Director: Rob Zombie
Cast: Sheri Moon Zombie, Jeff Daniel Phillips, Richard Brake
Release Date: December 20, 2016
A Review By: Kevin Lovell
Film Rating: 6/10
Disc Rating: 8.5/10
From the visionary mind of Rob Zombie comes the horrific story of five carnival workers who are kidnapped on Halloween and held hostage in a large compound. At the mercy of their captors, they are forced to play a twisted game or life or death called 31. For the next 12 hours they must fight for their lives against an endless parade of homicidal maniacs.
The latest film from the twisted mind of Rob Zombie, ‘31’ joins a group of carnival workers on a 1970’s Halloween. Traveling on the road toward their next destination, the group is suddenly ambushed after nightfall and many are brutally murdered, with the few survivors taken prisoner. Unfortunately the five survivors soon discover they may not be the lucky ones upon discovering the reason for their abduction is to play a part in a sadistic game called 31 for the amusement of some wealthy strangers. Now all they have to do is survive twelve straight hours in an abandoned, mazelike structure while fending off a collection of various psychopaths dubbed “the heads” whose sole purpose is to kill them in the most brutal and painful manner possible; let the game begin.
Written and directed by Rob Zombie (The Devil’s Rejects, The Lords of Salem) who does a highly competent job at the helm of ‘31’ guiding his own script and delivering both the bloody insanity and unique imagery he always captures so beautifully, even if the script and a few other areas may be slightly lacking. The cast includes a number of familiar faces and talented individuals (many of which have previously collaborated with Zombie) including his wife and regular star Sheri Moon Zombie (The Devil’s Rejects, The Lords of Salem), along with Jeff Daniel Phillips (The Lords of Salem, TV’s Westworld), Lawrence Hilton-Jacobs (Sublime, TV’s Welcome Back, Kotter), Meg Foster (They Live, Masters of the Universe), Kevin Jackson (Rosewood, 40 Days and Nights), Lew Temple (The Devil’s Rejects, Desierto), Richard Brake (TV’s Ray Donovan, Game of Thrones), Malcolm McDowell (A Clockwork Orange, TV’s Mozart in the Jungle) and more. Most of the cast delivers fairly capable performances in each of their respective roles, although Richard Brake tends to effortlessly steal most of the scenes he occupies with his brilliantly insane and over the top portrayal of Doom Head, easily the film’s vilest character.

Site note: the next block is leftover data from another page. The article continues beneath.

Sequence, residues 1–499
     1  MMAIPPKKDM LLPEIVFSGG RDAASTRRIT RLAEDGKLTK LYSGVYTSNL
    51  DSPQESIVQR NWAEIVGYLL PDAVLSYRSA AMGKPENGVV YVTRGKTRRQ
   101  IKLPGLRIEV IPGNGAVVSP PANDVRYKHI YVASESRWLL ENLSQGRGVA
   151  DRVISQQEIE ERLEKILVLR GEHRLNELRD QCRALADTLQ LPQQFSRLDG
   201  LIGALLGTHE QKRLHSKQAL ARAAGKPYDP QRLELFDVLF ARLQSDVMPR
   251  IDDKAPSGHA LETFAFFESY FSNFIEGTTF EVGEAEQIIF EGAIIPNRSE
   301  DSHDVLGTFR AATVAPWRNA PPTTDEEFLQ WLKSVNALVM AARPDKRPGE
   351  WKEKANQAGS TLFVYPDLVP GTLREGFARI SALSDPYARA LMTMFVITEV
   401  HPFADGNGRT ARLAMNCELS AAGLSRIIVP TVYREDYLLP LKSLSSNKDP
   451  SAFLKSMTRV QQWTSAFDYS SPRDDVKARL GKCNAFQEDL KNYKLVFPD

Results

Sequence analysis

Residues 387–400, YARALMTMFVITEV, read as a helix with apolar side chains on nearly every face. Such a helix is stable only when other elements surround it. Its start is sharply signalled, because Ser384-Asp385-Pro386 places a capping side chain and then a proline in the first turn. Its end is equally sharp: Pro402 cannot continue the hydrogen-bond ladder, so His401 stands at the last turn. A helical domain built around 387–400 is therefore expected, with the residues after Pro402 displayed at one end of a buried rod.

The latest filmmaking effort from Rob Zombie was (as always) a film I was highly anticipating. I’ve found myself to be quite the fan of his films and have thoroughly enjoyed each and every one for the most part since catching ‘House of 1000 Corpses’ in theaters on opening weekend. Therefore it should come as no surprise that I had quite a bit of fun with his latest bloody ride ‘31’. Yet, while I admittedly enjoyed the film quite a bit, I couldn’t help but feeling as if it never quite managed to reach the potential of his previous efforts. The characters are the usual nasty, vulgar and often just flat out unlikable folks that his fans have come to expect, and the minimal environment which most of the film is contained to allows for a perfectly claustrophobic setting; the notable dripping from the roof and pipes, and the unkempt manner of each section all contributes beautifully to the bleak tone, while also offering a gorgeous contrast to the room in which the high rollers observe the madness in comfort. The bloodshed is also nothing to disregard as ‘31’ definitely has its share of nasty moments to offer, even if none of the carnage really manages to breach the unsettling level so prominent in many memorable sequences from Zombie’s previous films; something that might have been rectified with an uncut/unrated release such as Zombie assured fans would be available on Blu-ray and DVD, although unfortunately this release does indeed contain only the R rated theatrical cut of the film (Zombie does mention a few of the moments that provided issues with the MPAA in the commentary track). The film certainly offers plenty of nasty and vulgar fun, but it does have its faults as well, particularly the lack of logic accompanying many scenes which often seem to be contradicted by another sequence, and the occasional over the top, sadistic behavior of the ‘heads’ which tends to become outright silly on more than one occasion and as a result often detracts from the tension in the process. It certainly isn’t Rob Zombie’s greatest filmmaking achievement to date (I personally consider ‘The Devil’s Rejects’ and ‘Lords of Salem’ to be among his finest), but any fan of his previous films will still want to make sure to give this one a whirl when they have the chance, it should be more than worth the cost of a rental for any fan of his work.